Two Chinese nationals ‘made tonnes of fentanyl, sold it by mail in Canada and US’, indictment alleges

Yan Xiaobang and Zhang Jian are said by US prosecutors to have run one of the world’s most prolific drug-running operations - but without an extradition treaty, the China-based pair may never face justice alongside their Canadian and US co-accused

PUBLISHED : Wednesday, 18 October, 2017, 9:09am
UPDATED : Wednesday, 18 October, 2017, 8:39pm

Two Chinese nationals have been indicted on charges they manufactured tonnes of fentanyl and other powerful narcotics that were then peddled in the United States and Canada, killing at least four people and seriously injuring five others, Justice Department officials announced Tuesday.

Authorities said the men controlled one of the most prolific international drug-trafficking organisations, but with no extradition treaty with China, the chances are slim they will ever be brought to the US to face the charges.

The men, who are not in custody, are accused of separately running chemical labs in China that produced the drug and other illegal opioids for sale online to Americans and Canadians who were often unaware of its potency and susceptible to overdose. At least 21 other people were also indicted on charges they trafficked the drugs across North America, often through the mail.

The announcement comes as the Trump administration suffered a setback in its efforts to call attention to the nation’s drug crisis. Its nominee to be the nation’s drug tsar withdrew Tuesday from consideration following reports that he played a key role in weakening the federal government’s authority to stop companies from distributing opioids.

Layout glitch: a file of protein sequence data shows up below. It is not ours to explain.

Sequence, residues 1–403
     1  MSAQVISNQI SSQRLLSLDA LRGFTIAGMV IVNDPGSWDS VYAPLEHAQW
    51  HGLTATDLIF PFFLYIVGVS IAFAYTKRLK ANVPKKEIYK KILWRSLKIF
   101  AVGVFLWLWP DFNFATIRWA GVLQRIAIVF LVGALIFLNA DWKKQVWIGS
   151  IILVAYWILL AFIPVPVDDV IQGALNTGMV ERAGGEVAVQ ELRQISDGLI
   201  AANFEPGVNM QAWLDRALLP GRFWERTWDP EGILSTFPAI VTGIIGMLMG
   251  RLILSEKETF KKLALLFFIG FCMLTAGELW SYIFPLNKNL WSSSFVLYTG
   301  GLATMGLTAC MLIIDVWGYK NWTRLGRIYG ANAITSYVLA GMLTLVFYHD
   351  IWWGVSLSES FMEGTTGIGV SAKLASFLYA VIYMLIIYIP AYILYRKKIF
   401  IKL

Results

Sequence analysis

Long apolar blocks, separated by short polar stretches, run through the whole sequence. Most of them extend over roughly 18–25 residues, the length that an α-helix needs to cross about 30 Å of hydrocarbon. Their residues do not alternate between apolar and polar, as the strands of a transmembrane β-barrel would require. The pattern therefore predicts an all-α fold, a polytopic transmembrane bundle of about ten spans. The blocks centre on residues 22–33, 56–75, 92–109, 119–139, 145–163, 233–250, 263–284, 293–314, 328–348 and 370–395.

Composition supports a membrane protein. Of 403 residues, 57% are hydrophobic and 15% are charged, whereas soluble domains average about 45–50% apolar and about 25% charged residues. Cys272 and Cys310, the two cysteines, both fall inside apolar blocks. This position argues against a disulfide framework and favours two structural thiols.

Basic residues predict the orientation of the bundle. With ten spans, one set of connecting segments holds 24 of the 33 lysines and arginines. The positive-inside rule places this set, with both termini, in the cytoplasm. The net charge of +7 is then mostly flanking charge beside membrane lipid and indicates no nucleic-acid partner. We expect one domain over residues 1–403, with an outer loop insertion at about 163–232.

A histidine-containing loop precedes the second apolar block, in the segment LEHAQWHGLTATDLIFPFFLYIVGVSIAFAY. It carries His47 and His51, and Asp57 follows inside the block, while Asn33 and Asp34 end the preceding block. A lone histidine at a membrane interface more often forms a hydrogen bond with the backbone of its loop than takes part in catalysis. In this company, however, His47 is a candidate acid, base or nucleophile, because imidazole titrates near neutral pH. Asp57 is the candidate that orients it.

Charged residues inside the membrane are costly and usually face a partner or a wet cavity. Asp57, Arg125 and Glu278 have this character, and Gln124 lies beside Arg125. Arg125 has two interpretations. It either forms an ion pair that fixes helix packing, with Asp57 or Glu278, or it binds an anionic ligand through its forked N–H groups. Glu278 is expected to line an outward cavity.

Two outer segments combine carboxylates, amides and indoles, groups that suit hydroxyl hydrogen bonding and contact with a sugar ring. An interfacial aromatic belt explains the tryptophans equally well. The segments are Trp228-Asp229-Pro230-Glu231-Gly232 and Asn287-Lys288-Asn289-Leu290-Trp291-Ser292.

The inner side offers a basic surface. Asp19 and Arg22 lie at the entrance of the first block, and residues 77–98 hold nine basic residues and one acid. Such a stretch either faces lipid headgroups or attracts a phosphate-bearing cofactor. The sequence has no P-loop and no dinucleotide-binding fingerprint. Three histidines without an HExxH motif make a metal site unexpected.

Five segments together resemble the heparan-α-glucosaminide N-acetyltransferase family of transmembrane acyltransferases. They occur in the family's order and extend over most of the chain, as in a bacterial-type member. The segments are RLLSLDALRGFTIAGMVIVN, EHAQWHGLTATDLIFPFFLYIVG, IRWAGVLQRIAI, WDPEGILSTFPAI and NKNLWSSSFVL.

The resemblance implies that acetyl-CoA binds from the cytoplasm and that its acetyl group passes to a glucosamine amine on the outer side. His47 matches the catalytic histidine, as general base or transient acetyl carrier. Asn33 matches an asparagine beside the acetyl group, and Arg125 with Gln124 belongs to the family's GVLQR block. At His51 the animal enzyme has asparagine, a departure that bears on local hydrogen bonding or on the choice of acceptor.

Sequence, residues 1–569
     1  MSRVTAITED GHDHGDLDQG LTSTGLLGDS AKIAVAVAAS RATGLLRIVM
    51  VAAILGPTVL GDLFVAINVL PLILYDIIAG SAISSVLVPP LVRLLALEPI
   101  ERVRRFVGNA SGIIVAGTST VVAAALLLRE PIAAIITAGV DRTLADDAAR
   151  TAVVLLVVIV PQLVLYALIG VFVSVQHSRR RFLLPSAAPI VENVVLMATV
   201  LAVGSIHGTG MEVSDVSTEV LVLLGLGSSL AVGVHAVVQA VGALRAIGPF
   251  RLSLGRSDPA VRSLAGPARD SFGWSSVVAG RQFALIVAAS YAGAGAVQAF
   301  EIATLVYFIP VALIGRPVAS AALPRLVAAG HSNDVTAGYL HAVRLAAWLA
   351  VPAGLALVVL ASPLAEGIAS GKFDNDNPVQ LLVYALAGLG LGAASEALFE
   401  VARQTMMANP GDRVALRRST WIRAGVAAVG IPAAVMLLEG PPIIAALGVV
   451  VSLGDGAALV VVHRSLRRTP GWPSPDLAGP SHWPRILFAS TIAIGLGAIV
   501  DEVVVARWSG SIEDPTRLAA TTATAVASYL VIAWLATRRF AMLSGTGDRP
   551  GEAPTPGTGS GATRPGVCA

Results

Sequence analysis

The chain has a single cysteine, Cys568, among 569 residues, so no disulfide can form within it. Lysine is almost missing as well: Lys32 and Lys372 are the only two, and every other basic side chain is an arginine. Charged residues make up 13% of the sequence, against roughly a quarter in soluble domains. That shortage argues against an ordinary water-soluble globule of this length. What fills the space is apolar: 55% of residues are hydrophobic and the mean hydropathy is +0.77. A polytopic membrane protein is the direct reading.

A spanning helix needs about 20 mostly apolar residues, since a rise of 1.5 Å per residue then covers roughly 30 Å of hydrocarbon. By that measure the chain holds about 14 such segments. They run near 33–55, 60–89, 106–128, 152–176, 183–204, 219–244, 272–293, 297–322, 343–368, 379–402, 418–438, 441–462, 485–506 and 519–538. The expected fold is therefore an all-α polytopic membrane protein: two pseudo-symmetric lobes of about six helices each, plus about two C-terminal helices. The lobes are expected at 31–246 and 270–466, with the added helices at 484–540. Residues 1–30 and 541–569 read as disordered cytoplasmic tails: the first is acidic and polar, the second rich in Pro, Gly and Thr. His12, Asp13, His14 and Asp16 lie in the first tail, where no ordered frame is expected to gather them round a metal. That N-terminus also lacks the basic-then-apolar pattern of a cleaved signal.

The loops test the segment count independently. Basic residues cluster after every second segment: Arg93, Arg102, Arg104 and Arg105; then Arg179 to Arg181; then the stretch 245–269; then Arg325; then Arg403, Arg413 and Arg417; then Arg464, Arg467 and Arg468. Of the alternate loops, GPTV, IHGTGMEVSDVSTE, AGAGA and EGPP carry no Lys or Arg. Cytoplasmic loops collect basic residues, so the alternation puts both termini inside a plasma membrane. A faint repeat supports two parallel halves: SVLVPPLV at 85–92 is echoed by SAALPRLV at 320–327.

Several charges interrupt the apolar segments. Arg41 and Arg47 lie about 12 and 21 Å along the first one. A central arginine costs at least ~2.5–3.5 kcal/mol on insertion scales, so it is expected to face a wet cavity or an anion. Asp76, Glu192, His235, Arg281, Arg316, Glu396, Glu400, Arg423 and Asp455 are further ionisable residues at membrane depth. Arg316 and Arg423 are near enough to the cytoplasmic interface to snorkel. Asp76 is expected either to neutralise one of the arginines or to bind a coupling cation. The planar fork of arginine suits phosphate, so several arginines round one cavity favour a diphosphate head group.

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It also comes amid growing pressure on US President Donald Trump to fulfil his pledge to declare the nation’s opioid epidemic a “national emergency,” as a commission he’s convened on the subject has urged him to do. An initial report from the commission in July noted that the approximate 142 deaths each day from drug overdoses mean the death toll is “equal to September 11th every three weeks.”

A sign of White House interest in the issue, presidential counsellor Kellyanne Conway quietly attended Tuesday’s news conference at the Justice Department.

Robert W. Patterson, acting administrator of the US Drug Enforcement Administration, said the Chinese case represents “one of the most significant drug threats facing the country” because they were able to produce a wide array of synthetic drugs and hide their tracks with Web-based sales, international shipments and digital currencies like bitcoin.

The Chinese men indicted were Yan Xiaobang, 40, and Zhang Jian, 38, who worked separately but similarly, authorities said.

Yan, who operated at least two chemical plants in China that were capable of producing tonnes of fentanyl, would monitor drug legislation and law enforcement actions in the US, changing the chemical structure of his drugs to avoid prosecution, Deputy Attorney General Rod Rosenstein said. A 2013 traffic stop in Mississippi unearthed a domestic US drug ring linked to Yan.

Zhang, along with five Canadians, two people from Florida and New Jersey man, were indicted in North Dakota for conspiracy to import the drugs from Canada and China. Prosecutors say Zhang ran at least four labs and sold the drug to American customers online. Investigators became aware of him after police officers responded to a deadly overdose in Grand Forks, North Dakota and traced the supply chain, officials said.

Rosenstein, who discussed the problem with Chinese officials last week during a high-level dialogue on law enforcement and cybersecurity, would not say whether the labs have been shut down. He said he was hopeful Chinese authorities would hold the men accountable.

Federal authorities are increasingly warning of the dangers of fentanyl, which can be lethal even in small amounts and is often laced with other dangerous drugs. The Centres for Disease Control and Prevention estimated that more than 20,000 Americans were killed by the drug and its analogues in 2016, and the number is rising, Rosenstein said.